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 TIME on politics TIME CNN/AllPolitics CNN/AllPolitics - Storypage, with TIME and TIME

Caucus Adwatch

By Jonathan Roos and Jeff Zeleny/Register Staff Writer

November 8, 1999
Web posted at: 2:09 p.m. EST (1909 GMT)

DES MOINES, Iowa (Des Moines Register) -- The Register is again critiquing campaign ads to help voters make sense of their assertions. Here's a review of an ad now on television in Iowa for Texas Gov. George W. Bush, a Republican running for president:

video Watch the ad.
Windows Media: 28K | 80K | quicktime movie

TITLE: Successful Leader

SPONSOR: George W. Bush

LENGTH: 30 seconds

THE AD: This commercial tries to make the case that Bush has been a strong, effective leader of Texas, tackling the issues people care about most. It shows snippets of the candidate shaking hands, sitting among admiring children and hugging his wife.

The narrator says Bush has been hailed as the GOP's best hope to win the White House. He concludes by calling Bush "a compassionate conservative leader. A fresh start for America."

ASSERTION: The ad says Bush "reduced the growth of state government spending to the lowest in 40 years."

WHAT YOU SHOULD KNOW: The rate of annual spending growth during Bush's tenure - about 5 percent on average - has indeed been smaller than in previous years. But at the same time, Texas government spending has outpaced inflation and percentage increases in the federal budget. Under the last two-year budget of Bush's predecessor, in 1994-1995, state spending totaled nearly $75 billion. Under the budget for 2000 and 2001, combined spending will top $98 billion. Population growth and more money for education and property tax relief have helped drive the budget higher.

ASSERTION: Bush "signed the two largest tax cuts in Texas history."

WHAT YOU SHOULD KNOW: In 1997 and 1999, Bush signed tax cuts totaling about $3.2 billion. Most of it went to reducing property taxes for schools, although critics question whether property owners have really been helped much. In 1997, the governor also proposed a new business tax and sales-tax increase as part of a tax overhaul plan that the Texas Legislature rejected.

ASSERTION: Bush "improved public schools by restoring local control, raising standards and returning to basics."

WHAT YOU SHOULD KNOW: Student performance, as measured by the Texas Assessment of Academic Skills, has improved during his term. But Texas still lags behind many other states on various education indicators. Although Bush has pushed higher standards and greater school accountability, his predecessors also deserve credit for school reforms.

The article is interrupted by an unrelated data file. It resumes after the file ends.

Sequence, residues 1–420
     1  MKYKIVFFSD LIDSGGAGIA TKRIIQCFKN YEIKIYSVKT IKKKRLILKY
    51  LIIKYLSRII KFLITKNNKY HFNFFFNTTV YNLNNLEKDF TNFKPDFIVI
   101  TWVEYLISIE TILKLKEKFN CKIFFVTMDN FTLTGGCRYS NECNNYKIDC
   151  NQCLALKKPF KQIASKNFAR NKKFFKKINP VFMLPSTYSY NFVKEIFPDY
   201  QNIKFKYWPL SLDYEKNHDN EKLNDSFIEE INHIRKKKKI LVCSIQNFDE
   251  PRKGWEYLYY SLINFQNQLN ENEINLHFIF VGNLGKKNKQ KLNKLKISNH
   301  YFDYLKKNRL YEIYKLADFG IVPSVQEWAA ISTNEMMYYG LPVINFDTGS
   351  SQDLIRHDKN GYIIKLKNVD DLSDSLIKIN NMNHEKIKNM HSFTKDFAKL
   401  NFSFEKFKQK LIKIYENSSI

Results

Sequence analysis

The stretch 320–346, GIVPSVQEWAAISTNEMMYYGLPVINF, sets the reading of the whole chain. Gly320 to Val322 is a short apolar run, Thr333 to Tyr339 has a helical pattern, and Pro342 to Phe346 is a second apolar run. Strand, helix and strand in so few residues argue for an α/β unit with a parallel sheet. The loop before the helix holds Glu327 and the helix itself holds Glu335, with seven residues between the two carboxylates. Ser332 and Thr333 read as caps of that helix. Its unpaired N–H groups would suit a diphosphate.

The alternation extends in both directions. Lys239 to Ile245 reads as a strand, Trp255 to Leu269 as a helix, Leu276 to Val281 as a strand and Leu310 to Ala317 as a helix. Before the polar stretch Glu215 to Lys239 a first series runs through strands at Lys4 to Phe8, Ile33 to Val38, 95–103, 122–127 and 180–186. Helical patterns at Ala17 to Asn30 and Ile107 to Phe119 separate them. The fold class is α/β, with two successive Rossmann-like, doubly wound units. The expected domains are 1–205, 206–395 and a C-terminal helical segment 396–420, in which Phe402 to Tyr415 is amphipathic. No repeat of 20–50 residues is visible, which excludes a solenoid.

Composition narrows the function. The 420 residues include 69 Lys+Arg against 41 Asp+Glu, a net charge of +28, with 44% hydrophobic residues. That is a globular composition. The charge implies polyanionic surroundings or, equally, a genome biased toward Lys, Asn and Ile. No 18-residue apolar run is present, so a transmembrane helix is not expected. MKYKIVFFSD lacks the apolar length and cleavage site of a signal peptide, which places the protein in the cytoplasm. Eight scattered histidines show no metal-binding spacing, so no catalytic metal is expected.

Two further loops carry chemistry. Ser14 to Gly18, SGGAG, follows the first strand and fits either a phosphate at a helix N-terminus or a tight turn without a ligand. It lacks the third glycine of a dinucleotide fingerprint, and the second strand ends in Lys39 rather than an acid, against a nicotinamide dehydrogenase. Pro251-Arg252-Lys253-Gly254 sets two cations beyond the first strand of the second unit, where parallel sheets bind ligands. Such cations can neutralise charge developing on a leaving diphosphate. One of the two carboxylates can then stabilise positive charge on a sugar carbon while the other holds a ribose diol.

ASSERTION: Bush "cut welfare rolls in half."

WHAT YOU SHOULD KNOW: Statistics from the Texas Department of Human Services indicate welfare rolls have been reduced by about half since 1995, after the state passed its version of welfare reform one year before major federal reform took effect. During the 1990s, many other states reduced welfare rolls at similar levels.

ASSERTION: Bush "cut juvenile crime 38 percent" and "reduced junk lawsuits."

WHAT YOU SHOULD KNOW: Juvenile crime has dropped under Bush's watch, as it has nationally. But according to the Texas Criminal Justice Policy Council, overall juvenile crime declined only 7 percent. It was violent crime specifically - murder, rape, robbery and aggravated assault committed by 10- to 16-year-olds - that actually fell more than 30 percent among juveniles.

Since his first state of the state address in 1995, Bush has been committed to reducing "junk lawsuits," including limiting damage awards and curbing frivolous lawsuits. But citizen groups criticized Bush and the Texas Legislature for bowing to corporate interests to limit their liability in injury and defective product cases.

THE BOTTOM LINE: There's more to Bush's record than meets the eye in a commercial that wants to leave viewers with the indelible image of a winner who gets things done. As is the case in most campaign ads, this commercial leaves out important facts and details that would provide voters with a more complete account of his performance in office.


Internet revolution pushing way into voting booth (11-3-99)

Off-year vote offers few clues into 2000 election (11-3-99)

First lady looking forward to New York residency (11-3-99)

Des Moines Register: Forbes plans TV, radio ad blitz (11-3-99)



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Monday, November 8, 1999

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